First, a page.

Tuesday, May 12
1. “Online Q&A: Art Critic Jerry Saltz and Andrew Goldstein in Conversation” at the National Arts Club
Join Pulitzer Prize-winning art critic Jerry Saltz and Artnet News’s own editor-in-chief, Andrew Goldstein, for a conversation about Saltz’s new book,, and a discussion about why now may be both the best and worst of times for those looking to hone their creative chops. The discussion on Zoom is presented by the National Arts Club and any donation will benefit the NAC Artist Fellows program, which works to develop the careers of up-and-coming artists.
Price: Free with registration and suggested donation
Time: 3 p.m.–4 p.m.
2. “Art Matters @ Home: Ai Weiwei” at Phillips
Phillips has tapped its senior advisor, retired Brooklyn Museum director Arnold Lehman, to host a new conversation series with art world luminaries. He’s spoken with artist Deborah Kass and gallerist Marianne Boesky, and ext up is Ai Weiwei, who’ll talk about his new film about the 2015 Rohingya refugee crisis in Myanmar, as well as his time in detention and living in New York’s East Village in the 1980s.
Time: Released at 12 p.m.
3. “Art History From Home: Me, Myself, and I” at the Whitney Museum of American Art
The quarantine selfie is but the newest genre of self-portraiture to emerge in our contemporary age. In this moderated chat, Janine DeFeo, a teaching fellow at the Whitney, will explore how artists including Ana Mendieta, Paul Mpagi Sepuya, and Adrian Piper have used self-portraiture as a means for expression from the isolated spaces of their homes or studios. Attendees are encouraged to submit questions via the chat function.
Time: 6 p.m.
Wednesday, May 13
4. “Stanya Kahn in Conversation” at the Wexner Center for the Arts
Multidisciplinary artist Stanya Kahn will discuss her latest short film, , with Wexner Center curators Lucy Zimmerman and Jennifer Lange in conjunction with the artist’s (now-paused) exhibition at the institution. The dreamlike, dialogue-free film—which is available for free online viewing through May 15 via Kahn’s dealer, Susanne Vielmetter—follows two teenagers as they leave behind a collapsing civilization to trek into the California wilderness, where they attempt to forge a new life with others they encounter along the way. Shot on 16mm film and scored by original music from artists including super-producer Brian Eno, the late emo-trap pioneer Lil Peep, and Kahn herself, bridges the faded past and the tenuous present in search of a better future.
Price: Free with RSVP
Time: 7 p.m.
5. “In the Artist’s Studio: Bisa Butler” at the Museum of the African Diaspora
Bisa Butler will offer a glimpse into her studio, where she creates her vibrant textile works, in a chat on Zoom hosted by the Museum of the African Diaspora and Claire Oliver Gallery in Harlem. “I use West African wax printed fabric, kente cloth, and Dutch wax prints to communicate that all of my figures are of African descent,” says the New Jersey-based artist.
Time: 1 p.m.–2 p.m.
Wednesday, May 13—Saturday, June 13
6. The International Fine Print Dealers Association’s Virtual Fair
Time: Open daily, at all times
Thursday, May 14
7. “Virtual Artist Talk with KC Crow Maddux” at Paradice Palase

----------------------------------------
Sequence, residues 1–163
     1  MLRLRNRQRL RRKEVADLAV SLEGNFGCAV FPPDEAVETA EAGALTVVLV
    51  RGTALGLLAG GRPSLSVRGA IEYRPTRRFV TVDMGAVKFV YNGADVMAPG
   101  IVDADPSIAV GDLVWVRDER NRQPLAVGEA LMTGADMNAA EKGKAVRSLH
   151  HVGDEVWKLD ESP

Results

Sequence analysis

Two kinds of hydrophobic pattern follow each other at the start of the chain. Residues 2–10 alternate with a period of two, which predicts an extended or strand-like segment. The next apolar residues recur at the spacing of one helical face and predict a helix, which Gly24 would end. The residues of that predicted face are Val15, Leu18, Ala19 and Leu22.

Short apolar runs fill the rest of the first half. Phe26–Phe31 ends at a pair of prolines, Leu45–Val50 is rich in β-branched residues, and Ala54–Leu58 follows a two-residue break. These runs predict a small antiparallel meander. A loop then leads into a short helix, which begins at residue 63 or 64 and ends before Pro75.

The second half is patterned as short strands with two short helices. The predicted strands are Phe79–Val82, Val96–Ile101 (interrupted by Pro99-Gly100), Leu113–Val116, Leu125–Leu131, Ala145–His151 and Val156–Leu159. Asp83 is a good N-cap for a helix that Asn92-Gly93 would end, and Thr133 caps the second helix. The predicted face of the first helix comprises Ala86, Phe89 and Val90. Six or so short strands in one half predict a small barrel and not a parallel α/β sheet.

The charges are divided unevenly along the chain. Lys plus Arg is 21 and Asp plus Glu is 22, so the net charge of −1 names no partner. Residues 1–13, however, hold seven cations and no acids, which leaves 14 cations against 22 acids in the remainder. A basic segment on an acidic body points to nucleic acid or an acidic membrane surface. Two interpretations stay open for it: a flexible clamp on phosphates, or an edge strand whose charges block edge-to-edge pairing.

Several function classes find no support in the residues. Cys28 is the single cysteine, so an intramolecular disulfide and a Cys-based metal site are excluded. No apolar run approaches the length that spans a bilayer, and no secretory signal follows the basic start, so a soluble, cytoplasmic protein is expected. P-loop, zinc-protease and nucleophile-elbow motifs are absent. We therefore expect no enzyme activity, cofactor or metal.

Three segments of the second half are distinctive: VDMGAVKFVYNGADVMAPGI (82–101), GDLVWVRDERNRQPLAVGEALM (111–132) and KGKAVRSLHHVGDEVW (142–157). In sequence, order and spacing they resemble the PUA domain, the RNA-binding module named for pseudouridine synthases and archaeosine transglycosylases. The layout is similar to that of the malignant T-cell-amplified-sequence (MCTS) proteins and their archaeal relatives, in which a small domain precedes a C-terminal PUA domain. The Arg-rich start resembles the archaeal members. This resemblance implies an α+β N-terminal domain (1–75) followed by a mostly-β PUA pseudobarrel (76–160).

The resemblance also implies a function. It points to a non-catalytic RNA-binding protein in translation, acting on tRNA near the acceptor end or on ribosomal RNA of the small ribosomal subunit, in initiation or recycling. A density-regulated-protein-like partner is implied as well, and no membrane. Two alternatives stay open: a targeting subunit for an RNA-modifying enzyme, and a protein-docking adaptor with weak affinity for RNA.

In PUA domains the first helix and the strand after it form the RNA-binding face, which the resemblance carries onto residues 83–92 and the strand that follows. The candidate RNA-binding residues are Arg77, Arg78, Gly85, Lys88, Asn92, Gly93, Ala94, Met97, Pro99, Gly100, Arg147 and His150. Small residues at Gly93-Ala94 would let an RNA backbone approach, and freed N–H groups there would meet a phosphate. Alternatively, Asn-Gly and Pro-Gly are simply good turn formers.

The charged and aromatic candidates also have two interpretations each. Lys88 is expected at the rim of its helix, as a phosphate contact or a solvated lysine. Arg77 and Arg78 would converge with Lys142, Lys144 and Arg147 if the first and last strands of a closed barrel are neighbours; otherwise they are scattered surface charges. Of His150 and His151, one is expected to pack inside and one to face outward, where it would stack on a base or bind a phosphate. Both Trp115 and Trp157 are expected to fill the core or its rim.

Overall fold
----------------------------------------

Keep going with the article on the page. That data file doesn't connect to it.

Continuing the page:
The Brooklyn-based emerging artist initiative Paradice Palace is hosting an online talk with artist KC Crow Maddux to accompany their virtual exhibition, which opens on May 14. Maddux’s work consists of an exploration of the “traditional” cis-masculine body in western culture and attempts to show an alternate side of this view. The talk will take place on Zoom and can be joined with the ID 732-1090-9727.
Time: 5 p.m.–5:45p.m.
8. “Tang Live: Senior Thesis Celebration” at the Francis Young Tang Teaching Museum and Art Gallery at Skidmore College
In lieu of having a 2020 senior thesis exhibition at the Tang Teaching Museum, digital media associate Fiona McLaughlin is hosting a live takeover for the graduating students on the museum’s Instagram, at @tangteachingmusuem. The event will feature short studio visits with seniors in various disciplines such as ceramics, communication design, drawing, painting, and beyond.
Time: 7 p.m.
Thursday, May 14—May 27
9. “Screening of Tony Orrico’s at signs & symbols
In this 20-minute video, artist Tony Orrico manipulates the sound of his own breath to create a composition of sorts for the audience, as well as a heightened emotional state within himself. The screening is part of the gallery’s series of two-week, online-only video exhibitions during lockdown. The gallery has also shifted much of its sales online, too, with a series of limited editions and other projects from gallery artists, including two new special editions by the late performance pioneer Ulay, the proceeds of which will support the gallery, the Ulay Foundation, and the Bowery Mission.
Price: Free, for permission contact [email protected]
Time: 6 p.m.
Thursday, May 14–Thursday, May 28
10. “The Philadelphia Show”
The 58th edition of the Philadelphia Show brings its antique offerings online, with a wide range of art, furniture, jewelry, design, and decorative objects. The plan is to start with 1,500 works on offer, and to add new inventory to the fair website each day as collectors snap up treasures like a Tiffany Studios leaded glass dragonfly lamp from Lillian Nassau or a gorgeously painted dower chest likely made in Berks Country, Pennsylvania, between 1780 and 1800, from Olde Hope Antiques.
Time: Open daily, at all times
Saturday, May 16
11. “AFTERGLOW: Celebrating the Class of 2020” at Cornish College of the Arts
Seattle’s Cornish College of the Arts is making the best of a bad situation with a virtual commencement ceremony, followed by an Instagram live concert titled AFTERGLOW. Alumni SassyBlack, Chong the Nomad, Gabrielle Friedman, and Mary Lambert will perform.
Time: 1 p.m.